Yeah, sorry, I wasn't terribly clear on that. Some states have primaries in which more than one candidate gets delegates--New Hampshire, for instance. (Note that despite the talks of Clinton winning the Democratic primary in New Hampshire, both she and Obama received the same number of delegates from the voting process, and more of the superdelegates--those not pledged to a specific candidate due to the voting--have pulbicly stated a preference for him over her). Others, like South Carolina, do a winner-take-all system. Caucuses, by their nature, tend to result in split delegates.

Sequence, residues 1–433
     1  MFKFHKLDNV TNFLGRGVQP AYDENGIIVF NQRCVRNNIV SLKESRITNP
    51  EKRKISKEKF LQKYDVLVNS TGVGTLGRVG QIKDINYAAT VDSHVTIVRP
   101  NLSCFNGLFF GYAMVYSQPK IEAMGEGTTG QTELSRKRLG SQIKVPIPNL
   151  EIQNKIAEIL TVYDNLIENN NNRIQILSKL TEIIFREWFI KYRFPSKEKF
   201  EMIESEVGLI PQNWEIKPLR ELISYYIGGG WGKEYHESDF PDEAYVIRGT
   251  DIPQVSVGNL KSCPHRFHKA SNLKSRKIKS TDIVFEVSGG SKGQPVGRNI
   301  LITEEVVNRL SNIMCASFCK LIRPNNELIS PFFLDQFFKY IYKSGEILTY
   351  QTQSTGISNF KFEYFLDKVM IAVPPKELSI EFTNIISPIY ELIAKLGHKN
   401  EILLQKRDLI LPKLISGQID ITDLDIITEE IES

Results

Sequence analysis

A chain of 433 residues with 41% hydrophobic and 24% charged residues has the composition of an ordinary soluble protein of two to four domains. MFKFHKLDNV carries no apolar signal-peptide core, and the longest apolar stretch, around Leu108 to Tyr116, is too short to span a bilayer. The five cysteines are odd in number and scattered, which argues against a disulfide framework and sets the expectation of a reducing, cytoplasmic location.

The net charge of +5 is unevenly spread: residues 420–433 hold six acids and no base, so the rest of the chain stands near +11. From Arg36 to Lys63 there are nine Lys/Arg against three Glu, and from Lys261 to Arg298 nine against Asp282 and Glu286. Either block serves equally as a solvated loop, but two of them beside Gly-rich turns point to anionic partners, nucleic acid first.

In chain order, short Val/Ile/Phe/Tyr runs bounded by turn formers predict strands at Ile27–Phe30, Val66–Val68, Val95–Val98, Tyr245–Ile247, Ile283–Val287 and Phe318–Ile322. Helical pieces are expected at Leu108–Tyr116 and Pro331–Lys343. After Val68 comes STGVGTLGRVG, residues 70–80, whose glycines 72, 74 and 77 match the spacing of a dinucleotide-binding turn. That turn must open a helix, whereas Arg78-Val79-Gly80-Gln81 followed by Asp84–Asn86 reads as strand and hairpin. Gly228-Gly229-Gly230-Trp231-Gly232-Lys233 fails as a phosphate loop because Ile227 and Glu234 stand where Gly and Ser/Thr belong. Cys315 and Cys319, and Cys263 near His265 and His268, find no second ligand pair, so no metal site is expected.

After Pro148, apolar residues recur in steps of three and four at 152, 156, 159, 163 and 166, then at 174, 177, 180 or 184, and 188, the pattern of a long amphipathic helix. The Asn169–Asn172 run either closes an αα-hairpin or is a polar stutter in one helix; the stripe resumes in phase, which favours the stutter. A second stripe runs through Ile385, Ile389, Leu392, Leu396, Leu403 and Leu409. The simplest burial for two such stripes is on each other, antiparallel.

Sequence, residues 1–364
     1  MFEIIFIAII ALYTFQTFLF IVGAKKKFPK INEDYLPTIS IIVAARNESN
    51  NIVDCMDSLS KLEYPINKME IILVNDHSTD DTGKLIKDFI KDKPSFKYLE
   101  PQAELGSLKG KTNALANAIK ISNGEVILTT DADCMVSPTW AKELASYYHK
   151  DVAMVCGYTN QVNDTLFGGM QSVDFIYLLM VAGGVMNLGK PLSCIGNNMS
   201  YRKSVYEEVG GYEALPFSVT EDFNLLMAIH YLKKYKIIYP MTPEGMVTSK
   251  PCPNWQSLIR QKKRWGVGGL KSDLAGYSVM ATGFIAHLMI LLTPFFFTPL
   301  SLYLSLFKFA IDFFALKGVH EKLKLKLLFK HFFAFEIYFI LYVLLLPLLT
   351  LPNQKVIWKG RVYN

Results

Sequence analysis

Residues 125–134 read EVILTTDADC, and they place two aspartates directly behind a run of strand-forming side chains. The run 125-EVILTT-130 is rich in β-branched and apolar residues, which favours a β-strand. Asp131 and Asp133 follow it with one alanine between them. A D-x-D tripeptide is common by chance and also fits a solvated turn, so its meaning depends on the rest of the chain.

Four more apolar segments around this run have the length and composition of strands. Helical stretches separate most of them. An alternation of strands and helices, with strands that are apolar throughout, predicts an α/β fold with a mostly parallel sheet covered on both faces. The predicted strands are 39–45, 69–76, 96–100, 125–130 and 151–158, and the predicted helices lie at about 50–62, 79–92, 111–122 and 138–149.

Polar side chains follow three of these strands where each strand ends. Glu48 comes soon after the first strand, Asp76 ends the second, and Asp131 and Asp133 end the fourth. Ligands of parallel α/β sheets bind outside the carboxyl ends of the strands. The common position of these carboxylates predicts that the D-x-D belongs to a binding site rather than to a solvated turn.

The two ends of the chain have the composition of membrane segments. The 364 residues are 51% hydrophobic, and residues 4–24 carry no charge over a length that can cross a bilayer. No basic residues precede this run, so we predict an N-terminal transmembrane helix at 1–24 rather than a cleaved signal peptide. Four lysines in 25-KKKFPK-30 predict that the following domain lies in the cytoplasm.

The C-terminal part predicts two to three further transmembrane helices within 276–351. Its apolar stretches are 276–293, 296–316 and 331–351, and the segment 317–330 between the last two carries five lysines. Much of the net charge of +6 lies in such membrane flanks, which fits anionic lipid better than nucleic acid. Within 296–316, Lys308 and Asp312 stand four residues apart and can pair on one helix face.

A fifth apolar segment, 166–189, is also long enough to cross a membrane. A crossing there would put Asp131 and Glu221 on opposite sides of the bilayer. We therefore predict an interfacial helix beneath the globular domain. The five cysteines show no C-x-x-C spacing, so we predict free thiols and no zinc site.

As mentioned, the primary difference between a primary and a caucus is that primaries are secret ballot, while caucus voting is public. Also relevant is that in a caucus, at various points contenders with less than a certain percentage are deemed nonviable. When that happens, supporters of that candidate move to one of the other candidates. This can happen either more or less directly, where people pick their second choice candidate, or else can be caused by brokered deals, where people are offered deals for switching their support--maybe the candidate will offer a delegate, or a change on a policy platform, or whatnot.
Inherently, many people feel caucuses are less democratic than primaries. The public nature of the voting, combined with the lengthier and stricter time requirement which keeps those who have to work during them from participating, make such processes less reflective of what the general population actually wants.